Netflix and the United Nations Educational, Scientific and Cultural Organisation (UNESCO) have partnered to launch an innovative short film competition on ‘African Folktales, Reimagined’ across Sub-Saharan Africa.
A statement on Thursday said winners of the competition would be trained and mentored by industry professionals and provided with a US$75,000 production budget to create short films that will premiere on Netflix in 2022 as an ‘Anthology of African folktales’.
The competition, which will be administered by Dalberg, will open on 14 October until 14 November.
Each of the six winners will receive a production grant of US$75,000 (through a local production company) to develop, shoot and post-produce their films under the guidance of industry mentors selected by UNESCO & Netflix to ensure everyone involved in the production is fairly compensated. In addition, each of the six winners will also receive $25,000.
UNESCO and Netflix said they strongly believe in the importance of promoting diverse local stories and bringing them to the world.
They said they recognised that many emerging filmmakers struggle with finding the right resources and visibility to enable them to fully unleash their talents and develop their creative careers.
This competition, they said, aimed to address these issues and enable African storytellers to take a first step towards showcasing their content to a global audience.
“One key aim of this competition is to discover new voices and to give emerging filmmakers in Sub-Saharan Africa visibility on a global scale. We want to find the bravest, wittiest, and most surprising retellings of some of Africa’s most-loved folktales and share them with entertainment fans around the world in over 190 countries.
“This partnership will also help create sustainable employment and encourage economic growth and it will therefore contribute to the achievement of the 2030 Sustainable Development Agenda, a series of targets established by the United Nations which aims to end global poverty in all its forms by the end of this decade.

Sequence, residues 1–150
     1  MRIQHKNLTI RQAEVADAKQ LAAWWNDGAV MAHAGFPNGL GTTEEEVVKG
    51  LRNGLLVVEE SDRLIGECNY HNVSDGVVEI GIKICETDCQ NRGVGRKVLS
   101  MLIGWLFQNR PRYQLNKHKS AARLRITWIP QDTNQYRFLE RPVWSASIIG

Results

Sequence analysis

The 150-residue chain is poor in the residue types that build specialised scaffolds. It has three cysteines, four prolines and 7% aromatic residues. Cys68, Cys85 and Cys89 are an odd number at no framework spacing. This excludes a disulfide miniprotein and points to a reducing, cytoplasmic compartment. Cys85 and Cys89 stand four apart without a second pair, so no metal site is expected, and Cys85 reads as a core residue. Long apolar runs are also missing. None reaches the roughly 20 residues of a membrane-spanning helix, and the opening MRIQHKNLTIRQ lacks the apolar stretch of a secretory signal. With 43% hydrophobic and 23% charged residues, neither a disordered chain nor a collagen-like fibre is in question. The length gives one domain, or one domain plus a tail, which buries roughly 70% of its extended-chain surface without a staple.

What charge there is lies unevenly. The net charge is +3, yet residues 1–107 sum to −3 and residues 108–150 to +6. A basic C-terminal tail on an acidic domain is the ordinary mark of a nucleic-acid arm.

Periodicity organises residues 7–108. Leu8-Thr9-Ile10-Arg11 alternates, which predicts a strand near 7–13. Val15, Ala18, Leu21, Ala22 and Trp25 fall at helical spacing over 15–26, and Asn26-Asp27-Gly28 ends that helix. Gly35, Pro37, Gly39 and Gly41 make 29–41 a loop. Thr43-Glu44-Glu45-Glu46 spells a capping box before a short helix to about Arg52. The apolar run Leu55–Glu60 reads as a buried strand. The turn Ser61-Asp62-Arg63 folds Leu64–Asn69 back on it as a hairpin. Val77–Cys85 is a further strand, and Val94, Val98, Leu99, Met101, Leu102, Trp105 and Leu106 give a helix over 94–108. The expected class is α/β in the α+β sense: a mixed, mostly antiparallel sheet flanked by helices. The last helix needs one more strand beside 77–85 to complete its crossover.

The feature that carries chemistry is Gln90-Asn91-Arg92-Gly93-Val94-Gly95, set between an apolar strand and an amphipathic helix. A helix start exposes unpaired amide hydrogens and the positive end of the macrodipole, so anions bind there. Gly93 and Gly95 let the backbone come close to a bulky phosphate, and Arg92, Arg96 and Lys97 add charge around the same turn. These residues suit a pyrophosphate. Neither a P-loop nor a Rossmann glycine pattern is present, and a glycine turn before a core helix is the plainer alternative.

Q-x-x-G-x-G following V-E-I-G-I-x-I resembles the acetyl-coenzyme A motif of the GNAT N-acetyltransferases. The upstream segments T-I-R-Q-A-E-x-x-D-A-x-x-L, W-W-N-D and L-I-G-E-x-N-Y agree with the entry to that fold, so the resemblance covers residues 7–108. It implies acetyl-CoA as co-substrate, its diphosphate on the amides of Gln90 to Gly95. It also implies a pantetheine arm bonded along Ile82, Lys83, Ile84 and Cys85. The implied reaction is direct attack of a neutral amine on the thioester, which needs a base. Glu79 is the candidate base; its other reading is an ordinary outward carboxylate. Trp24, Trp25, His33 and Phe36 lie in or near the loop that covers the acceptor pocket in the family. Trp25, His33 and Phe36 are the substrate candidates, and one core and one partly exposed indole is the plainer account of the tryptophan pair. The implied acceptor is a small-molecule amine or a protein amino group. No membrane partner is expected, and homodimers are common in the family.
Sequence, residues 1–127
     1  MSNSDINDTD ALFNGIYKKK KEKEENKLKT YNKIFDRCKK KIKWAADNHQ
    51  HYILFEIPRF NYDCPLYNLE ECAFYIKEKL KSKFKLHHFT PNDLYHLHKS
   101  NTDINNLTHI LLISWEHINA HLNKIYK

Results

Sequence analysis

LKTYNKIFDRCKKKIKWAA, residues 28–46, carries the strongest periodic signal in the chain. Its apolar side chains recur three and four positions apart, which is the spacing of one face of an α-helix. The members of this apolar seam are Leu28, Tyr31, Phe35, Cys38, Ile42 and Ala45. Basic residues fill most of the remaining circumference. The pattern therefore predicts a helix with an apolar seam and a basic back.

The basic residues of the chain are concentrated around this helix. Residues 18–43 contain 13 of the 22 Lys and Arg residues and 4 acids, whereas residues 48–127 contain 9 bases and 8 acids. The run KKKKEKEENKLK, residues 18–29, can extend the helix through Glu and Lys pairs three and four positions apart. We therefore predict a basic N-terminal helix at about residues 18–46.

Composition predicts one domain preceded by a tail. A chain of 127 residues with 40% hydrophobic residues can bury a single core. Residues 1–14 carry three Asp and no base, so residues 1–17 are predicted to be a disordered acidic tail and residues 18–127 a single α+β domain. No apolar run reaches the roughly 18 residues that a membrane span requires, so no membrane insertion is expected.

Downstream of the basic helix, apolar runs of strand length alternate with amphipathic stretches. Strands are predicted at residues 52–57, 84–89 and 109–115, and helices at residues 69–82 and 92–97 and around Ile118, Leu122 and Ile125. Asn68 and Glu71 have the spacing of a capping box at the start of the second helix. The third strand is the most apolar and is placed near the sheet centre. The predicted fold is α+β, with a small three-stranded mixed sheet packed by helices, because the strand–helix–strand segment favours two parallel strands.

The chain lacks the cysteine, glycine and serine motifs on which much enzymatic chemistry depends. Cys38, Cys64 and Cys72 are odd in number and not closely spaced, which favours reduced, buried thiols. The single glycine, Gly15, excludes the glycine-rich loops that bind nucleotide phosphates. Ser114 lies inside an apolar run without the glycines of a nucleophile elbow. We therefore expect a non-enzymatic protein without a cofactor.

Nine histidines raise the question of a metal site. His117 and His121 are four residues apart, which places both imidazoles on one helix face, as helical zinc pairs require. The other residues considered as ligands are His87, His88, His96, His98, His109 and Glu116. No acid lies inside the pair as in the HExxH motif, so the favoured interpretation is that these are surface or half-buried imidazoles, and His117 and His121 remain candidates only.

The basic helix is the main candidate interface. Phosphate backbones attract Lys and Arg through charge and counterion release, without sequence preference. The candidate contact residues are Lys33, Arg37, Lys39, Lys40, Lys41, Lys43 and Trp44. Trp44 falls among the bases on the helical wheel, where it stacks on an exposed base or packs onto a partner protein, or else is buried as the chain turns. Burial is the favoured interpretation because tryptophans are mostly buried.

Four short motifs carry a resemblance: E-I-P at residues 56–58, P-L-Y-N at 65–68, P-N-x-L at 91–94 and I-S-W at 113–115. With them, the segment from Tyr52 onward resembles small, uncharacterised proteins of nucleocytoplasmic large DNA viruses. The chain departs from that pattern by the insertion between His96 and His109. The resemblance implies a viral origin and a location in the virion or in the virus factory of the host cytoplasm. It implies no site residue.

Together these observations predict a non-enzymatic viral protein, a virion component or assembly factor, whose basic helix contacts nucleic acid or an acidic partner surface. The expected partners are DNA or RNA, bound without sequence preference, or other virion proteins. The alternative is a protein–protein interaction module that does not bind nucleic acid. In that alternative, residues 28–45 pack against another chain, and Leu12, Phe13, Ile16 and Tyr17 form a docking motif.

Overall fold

“This film competition will also help reduce inequalities by facilitating access to global markets and by guaranteeing dignified working conditions. All of these are key goals within the 2030 Agenda. The competition is open to emerging filmmakers across Sub-Saharan Africa on the theme of ‘African Folktales, Reimagined,’” the statement read.
“It is important that the film sector acts to ensure the voices of Africa are heard, by supporting the emergence of diverse cultural expressions, putting forth new ideas and emotions, and creating opportunities for creators to contribute to global dialogue for peace, culture and development,” said Audrey Azoulay, Director-General, UNESCO.
“Growing up, entertainment was how I connected with people. I fell in love with the stories and characters I saw on screen and experienced how storytelling has the power to inspire, which is why I’m excited about this partnership with UNESCO and the opportunities ahead. Together we will promote local cultures and support the creative industries in telling stories that cross borders, reflect universal truths, and ultimately, bring us together,” said Ted Sarandos, Co-CEO and Chief Content Officer, Netflix.
Also, Ben Amadasun, Director of Content in Africa, Netflix, said, “Africa has a rich storytelling heritage and a wealth of folktales that have been passed down for generations. When you marry these very local stories with Africa’s emerging talent, there’s no limit to fresh new stories to connect people with African cultures and bring the world that much closer to each other.”